Confession: somehow writing about minimalist dressing inspired a powerful urge to run out and toot suite and buy a whole lot more stuff (aka ‘essentials’). PS. That’s my gorgeous student in the main photo and former travelling pal in the second. Who says columnists are lazy?
Tell the truth. When you read about the New York art director who wore the same simple but stylish outfit to work every day for three years, didn’t part of you think it was an act of genius? No more mornings madly trying on every combination in your wardrobe. No more forcing yourself to wear the NQR pieces you bought on sale to ‘shrink into’.
If you’re attracted to the benefits of uniform dressing (Saving time, money and many square kilometres of headspace), but aren’t ready to commit to buying 15 versions of the same blouse, ‘capsule dressing’ may be for you. With capsule dressing, you base your wardrobe around only seven to ten key pieces and simply dress them up with accessories. Because you base your core pieces on what you already know works for your shape and style, “capsule dressing is chic but effortless,” says Melbourne stylist Angela Yang. “Think Anna Wintour’s floral shift dresses, Zuckerberg’s hoodie, Job’s turtlenecks.”
How to try this at home?
Angela Yang’s top ten:
Grey t-shirt (Acne Studios), White shirt (Uniqlo), Black jumper (H&M), Navy shift dress (COS), Navy blazer (ZARA), Black leather jacket(Acne Studios), Black plain ankle boots (Acne Studios), White trainers (Adidas), Classic sunglasses (Ray-Bans), Classic small-medium sized bag (Saint Laurent Paris).
Heather Anschau’s top ten:
Bag: Dior, Jacket: Viktoria and Woods, Lipstick: Bobbi Brown, Hand Cream: Alchemy, Jumpsuit: Natalie Chapman, Perfume: Chloe, Necklace and earrings: Samantha Wills, Hat: Supre, Blouse: Moss & Spy, Dress: Manning Cartell, Denim Skirt: A Brand, Jeans: A Brand, Shoes: Azzedine Alaia, Bracelet: Samantha Wills, Dress/gown: Sass & Bide
Budget: Heather Anschau, Editor of Wedded Wonderland, says the key to mastering capsule dressing is to selectively invest in pieces of high quality and wearability. “I recommend that girls save their hard-earned pennies for two or three key designer pieces that will instantly lift the look of your outfit. You can then skimp on the more on-trend items that will go out of style quicker.”
Work your own style: “Capsule wardrobes are very anti-trend, so to avoid rapid dating go for simple, timeless pieces. No peplums, no prints, no crop tops, nothing that can ‘date’ a garment,” says Yang.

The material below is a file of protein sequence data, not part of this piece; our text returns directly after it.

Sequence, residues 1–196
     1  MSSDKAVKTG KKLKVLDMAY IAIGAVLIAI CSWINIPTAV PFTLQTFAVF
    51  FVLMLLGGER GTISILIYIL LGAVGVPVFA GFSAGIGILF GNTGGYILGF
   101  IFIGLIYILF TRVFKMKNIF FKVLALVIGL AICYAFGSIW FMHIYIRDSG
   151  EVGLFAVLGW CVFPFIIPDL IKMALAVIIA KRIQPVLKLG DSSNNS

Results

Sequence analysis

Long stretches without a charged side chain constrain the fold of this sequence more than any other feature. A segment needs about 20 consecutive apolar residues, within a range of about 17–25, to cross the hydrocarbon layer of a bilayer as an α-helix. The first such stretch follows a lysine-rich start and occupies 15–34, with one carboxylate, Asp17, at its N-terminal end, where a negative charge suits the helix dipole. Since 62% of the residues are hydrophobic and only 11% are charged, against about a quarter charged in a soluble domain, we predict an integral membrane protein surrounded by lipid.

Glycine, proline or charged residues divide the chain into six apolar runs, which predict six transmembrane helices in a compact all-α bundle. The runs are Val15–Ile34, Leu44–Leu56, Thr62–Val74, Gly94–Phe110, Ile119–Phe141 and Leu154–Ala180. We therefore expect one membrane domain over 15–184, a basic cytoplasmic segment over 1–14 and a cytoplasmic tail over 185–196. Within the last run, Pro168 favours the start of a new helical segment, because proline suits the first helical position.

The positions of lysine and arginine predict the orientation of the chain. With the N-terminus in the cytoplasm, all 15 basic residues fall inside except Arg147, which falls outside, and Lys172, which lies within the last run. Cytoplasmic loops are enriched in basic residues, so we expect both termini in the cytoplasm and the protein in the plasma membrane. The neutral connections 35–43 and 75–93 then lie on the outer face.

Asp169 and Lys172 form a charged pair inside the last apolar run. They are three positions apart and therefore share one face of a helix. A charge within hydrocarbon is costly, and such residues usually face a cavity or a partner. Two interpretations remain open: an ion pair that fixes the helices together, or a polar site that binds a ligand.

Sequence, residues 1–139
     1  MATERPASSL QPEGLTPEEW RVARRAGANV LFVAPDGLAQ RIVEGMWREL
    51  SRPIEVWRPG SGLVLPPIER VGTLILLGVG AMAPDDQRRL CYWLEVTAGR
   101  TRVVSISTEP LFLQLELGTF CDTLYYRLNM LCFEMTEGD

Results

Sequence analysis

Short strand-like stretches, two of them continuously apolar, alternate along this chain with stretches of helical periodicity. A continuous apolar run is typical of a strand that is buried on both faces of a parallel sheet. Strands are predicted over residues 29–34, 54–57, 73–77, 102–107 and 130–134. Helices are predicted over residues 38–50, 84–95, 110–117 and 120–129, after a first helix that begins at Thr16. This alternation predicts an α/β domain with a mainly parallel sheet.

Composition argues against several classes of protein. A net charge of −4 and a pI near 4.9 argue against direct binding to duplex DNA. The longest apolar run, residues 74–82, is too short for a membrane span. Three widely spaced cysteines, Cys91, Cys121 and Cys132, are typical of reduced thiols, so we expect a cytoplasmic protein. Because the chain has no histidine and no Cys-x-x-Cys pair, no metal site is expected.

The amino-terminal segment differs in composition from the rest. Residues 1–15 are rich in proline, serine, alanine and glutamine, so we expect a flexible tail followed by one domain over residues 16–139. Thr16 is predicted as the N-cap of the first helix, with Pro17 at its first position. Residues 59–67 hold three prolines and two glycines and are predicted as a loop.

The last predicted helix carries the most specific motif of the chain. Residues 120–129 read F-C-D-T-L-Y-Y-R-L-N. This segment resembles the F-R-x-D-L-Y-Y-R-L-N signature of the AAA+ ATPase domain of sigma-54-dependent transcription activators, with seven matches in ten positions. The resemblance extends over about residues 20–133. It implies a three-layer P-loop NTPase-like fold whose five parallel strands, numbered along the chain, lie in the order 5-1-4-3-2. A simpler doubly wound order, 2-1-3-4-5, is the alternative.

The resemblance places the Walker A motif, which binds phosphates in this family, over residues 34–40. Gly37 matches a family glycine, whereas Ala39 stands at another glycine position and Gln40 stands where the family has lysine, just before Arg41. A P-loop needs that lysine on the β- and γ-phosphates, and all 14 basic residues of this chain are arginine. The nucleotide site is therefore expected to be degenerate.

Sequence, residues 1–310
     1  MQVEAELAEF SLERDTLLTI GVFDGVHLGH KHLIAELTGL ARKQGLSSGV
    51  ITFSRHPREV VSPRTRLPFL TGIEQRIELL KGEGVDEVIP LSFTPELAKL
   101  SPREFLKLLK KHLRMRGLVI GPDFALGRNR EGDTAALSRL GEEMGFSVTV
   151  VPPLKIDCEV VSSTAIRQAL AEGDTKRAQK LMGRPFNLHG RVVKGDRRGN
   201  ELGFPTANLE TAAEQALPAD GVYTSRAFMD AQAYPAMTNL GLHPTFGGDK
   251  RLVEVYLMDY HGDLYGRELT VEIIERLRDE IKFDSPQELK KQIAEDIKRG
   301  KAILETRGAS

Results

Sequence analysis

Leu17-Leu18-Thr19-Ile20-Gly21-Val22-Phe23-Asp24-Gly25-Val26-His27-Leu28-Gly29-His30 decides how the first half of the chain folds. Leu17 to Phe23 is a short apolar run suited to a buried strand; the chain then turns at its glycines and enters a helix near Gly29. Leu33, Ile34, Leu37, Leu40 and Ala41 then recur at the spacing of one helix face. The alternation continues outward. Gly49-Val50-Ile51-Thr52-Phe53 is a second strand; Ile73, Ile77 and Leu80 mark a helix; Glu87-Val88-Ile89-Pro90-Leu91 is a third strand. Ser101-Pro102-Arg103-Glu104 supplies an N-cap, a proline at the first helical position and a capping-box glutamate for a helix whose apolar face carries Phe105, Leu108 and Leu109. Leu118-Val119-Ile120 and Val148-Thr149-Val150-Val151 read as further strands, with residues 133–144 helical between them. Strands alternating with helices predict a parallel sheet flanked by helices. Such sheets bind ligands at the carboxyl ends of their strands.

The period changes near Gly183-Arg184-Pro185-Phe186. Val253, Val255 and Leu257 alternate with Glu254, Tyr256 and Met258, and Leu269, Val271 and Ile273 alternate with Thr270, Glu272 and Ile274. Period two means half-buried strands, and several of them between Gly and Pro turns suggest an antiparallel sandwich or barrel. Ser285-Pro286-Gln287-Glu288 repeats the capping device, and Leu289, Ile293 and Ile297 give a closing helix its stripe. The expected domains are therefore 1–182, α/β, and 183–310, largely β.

“Don’t be afraid to pin down ‘a look’ that you can keep to. Find a few stores that fit your look, and buy from them repeatedly. I love Swedish brands and the Scandinavian aesthetic, so I tend to stick to those brands because the pieces work well together and are well made. But for some people it’s a more GAP/ American collegiate look, or English rose.”
Neutral colours + accessories: “When building a capsule wardrobe, aim for neutral pieces, as these tend to go out of style less regularly,” says Anschau. “You can keep them clean and simple with a few accessories, or play with pops of colour for a bolder look. Never underestimate the difference a few pieces of great jewellery can make. Pair a statement necklace with a pair of ripped jeans and a cotton tee, add heels and voila – instant chic.”
Pick a colour scheme and stick with it, suggests Yang. “For me that’s white, grey, black and navy. But neutral combos work well, like grey, tan, taupe, ‘greige’.” For Melbournites it’s as simple as black on black on black.
Fabric: “Go for wool, cotton, leather and linen – fabrics that are long-lasting and wear well,” says Yang.
Don’t be afraid to buy multiples: Just as uniform dressers have multiples of the same item (Steve Jobs had 100 identical Issey Miyake jumpers), if something works for you, don’t be afraid to buy multiple pieces in multiple shades.
“I have that Uniqlo shirt in grey, navy, blue and striped,” says Yang. “Uniqlo is perfect for capsule dressing because they do so many basics and they’re great quality. And because black ankle boots are perfect for me and my lifestyle, I have four pairs in different heel heights, different materials.”
Fit: Invest in alterations, says Yang. “Things like pant and sleeve length are telltale signs of quality. Get things fitted! Take the sleeve up if it’s too long. For the shirt, it’s also a worthwhile investment to get a tailor to make a few small changes, they do really make a difference. Things like getting a bigger size and tailoring down is a great idea for girls with a bigger bust.”